The pantoum is a poetic form originating in Malay where poets write quatrains 4-line stanzas with an abab rhyme scheme and repeat lines 2 and 4 in the previous stanza as lines 1 and 3 in the next stanza. Poets differ on how to treat the final quatrain: Some poets repeat lines 1 and 3 of the original quatrain as lines 2 and 4 in the final quatrain; other poets invert lines 1 and 3 so that the beginning line of the poem is also the final line of the poem what I've done in the very basic example below. They don't like running in the heat, because only so many layers can come off as their shoes bounce along the street and the city's exhaust makes them cough. Unlike the adding of shirts in winter, they prefer long distances in fall.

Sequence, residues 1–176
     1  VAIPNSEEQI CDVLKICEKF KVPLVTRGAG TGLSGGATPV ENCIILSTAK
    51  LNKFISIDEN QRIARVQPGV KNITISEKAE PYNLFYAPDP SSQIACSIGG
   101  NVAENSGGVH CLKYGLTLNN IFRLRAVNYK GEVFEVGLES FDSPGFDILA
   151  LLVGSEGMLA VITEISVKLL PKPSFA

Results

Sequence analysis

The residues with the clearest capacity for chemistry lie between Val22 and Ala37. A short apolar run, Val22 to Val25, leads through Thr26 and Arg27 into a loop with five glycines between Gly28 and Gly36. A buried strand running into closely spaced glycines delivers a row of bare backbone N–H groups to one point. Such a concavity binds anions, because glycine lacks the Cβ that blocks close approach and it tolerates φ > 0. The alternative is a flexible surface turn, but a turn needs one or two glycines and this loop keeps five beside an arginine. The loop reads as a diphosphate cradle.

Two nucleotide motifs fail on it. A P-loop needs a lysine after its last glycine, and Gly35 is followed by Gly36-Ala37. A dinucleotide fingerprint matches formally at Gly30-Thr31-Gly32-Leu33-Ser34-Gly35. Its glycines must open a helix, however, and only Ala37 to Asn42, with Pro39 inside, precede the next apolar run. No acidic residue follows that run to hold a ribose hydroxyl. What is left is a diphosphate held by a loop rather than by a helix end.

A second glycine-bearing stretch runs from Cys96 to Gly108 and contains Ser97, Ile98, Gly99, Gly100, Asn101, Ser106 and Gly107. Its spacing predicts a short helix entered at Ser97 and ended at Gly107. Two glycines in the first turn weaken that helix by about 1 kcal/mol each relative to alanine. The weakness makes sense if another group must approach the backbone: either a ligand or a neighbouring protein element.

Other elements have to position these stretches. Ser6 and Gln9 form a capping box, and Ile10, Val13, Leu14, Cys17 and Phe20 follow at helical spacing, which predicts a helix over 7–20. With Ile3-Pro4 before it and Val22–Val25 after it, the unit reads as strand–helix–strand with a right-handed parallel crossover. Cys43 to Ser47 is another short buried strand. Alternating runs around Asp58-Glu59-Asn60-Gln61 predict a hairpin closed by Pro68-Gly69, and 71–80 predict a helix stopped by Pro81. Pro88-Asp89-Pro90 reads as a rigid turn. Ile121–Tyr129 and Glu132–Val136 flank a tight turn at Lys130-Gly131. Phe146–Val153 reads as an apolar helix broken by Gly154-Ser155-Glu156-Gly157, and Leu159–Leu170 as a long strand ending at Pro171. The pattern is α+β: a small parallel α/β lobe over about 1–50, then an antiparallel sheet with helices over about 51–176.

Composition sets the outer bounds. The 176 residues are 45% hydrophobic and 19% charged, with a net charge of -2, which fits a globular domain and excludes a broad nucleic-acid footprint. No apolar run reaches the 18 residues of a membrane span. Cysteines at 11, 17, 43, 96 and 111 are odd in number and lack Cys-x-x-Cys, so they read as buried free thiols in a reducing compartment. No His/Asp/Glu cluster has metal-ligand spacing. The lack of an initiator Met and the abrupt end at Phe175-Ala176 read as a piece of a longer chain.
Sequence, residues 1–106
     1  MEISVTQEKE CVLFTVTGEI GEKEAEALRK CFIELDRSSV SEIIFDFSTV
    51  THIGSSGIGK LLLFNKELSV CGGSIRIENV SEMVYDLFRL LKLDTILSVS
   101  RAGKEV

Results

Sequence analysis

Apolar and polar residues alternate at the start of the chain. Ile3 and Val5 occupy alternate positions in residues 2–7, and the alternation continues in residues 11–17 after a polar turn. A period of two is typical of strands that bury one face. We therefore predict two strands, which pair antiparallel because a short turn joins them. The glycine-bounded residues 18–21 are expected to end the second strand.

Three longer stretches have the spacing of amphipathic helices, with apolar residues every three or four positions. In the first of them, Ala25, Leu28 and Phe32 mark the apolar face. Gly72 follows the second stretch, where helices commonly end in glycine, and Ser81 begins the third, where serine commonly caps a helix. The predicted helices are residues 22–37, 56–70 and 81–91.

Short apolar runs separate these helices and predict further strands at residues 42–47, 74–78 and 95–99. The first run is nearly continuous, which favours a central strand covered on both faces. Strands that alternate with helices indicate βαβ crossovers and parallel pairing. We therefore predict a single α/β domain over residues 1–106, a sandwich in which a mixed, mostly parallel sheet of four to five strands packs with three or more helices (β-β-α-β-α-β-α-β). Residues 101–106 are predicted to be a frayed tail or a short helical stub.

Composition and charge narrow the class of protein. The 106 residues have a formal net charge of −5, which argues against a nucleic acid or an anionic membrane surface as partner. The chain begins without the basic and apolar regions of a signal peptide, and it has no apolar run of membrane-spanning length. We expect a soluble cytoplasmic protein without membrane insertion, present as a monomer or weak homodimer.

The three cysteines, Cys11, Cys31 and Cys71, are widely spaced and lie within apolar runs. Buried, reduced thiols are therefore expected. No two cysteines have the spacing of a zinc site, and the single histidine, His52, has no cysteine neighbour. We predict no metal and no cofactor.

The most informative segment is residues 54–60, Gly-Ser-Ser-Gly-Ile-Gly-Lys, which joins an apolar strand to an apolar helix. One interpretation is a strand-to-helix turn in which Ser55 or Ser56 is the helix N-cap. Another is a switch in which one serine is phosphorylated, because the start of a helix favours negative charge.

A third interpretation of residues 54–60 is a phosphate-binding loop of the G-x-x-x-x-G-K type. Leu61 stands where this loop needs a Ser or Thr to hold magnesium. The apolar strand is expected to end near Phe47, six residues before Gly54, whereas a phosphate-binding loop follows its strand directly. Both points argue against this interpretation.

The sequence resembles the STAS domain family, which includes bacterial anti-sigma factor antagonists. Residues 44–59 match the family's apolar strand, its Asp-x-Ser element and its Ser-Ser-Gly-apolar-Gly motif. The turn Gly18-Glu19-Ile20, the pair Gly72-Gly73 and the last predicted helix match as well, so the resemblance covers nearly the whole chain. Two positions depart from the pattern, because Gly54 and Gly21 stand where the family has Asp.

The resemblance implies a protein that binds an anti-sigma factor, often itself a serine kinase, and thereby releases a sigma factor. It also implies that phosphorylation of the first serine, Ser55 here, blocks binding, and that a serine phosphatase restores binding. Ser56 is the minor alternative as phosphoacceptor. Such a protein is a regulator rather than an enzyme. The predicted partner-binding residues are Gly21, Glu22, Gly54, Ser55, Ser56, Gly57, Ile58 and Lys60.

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Although it originated in Malaysia in the fifteenth-century as a short folk poem, the modern pantoum is a poem of any length, composed of four-line stanzas in which the second and fourth lines of each stanza serve as the first and third lines of the next stanza. The last line of a pantoum is often the same as the first. Like Like. You are commenting using your WordPress. You are commenting using your Google account.
The pantoum is a poetic form derived from the pantun , a Malay verse form: specifically from the pantun berkait , a series of interwoven quatrains. The pantoum is a form of poetry similar to a villanelle in that there are repeating lines throughout the poem. It is composed of a series of quatrains ; the second and fourth lines of each stanza are repeated as the first and third lines of the next stanza.